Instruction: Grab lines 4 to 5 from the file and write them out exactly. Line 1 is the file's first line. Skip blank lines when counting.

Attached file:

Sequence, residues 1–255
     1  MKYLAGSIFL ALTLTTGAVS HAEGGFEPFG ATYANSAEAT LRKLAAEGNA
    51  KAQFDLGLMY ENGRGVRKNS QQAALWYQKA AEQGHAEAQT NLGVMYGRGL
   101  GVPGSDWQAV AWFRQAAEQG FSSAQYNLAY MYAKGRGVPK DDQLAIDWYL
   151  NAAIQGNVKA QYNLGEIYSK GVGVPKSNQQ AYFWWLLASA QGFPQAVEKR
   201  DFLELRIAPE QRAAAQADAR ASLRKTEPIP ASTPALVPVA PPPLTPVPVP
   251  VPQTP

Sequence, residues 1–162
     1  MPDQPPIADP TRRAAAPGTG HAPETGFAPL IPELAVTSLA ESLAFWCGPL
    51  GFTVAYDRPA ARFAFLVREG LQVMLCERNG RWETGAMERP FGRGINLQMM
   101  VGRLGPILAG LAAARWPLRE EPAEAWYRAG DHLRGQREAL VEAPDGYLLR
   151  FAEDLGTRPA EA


   101  GVPGSDWQAV AWFRQAAEQG FSSAQYNLAY MYAKGRGVPK DDQLAIDWYL
   151  NAAIQGNVKA QYNLGEIYSK GVGVPKSNQQ AYFWWLLASA QGFPQAVEKR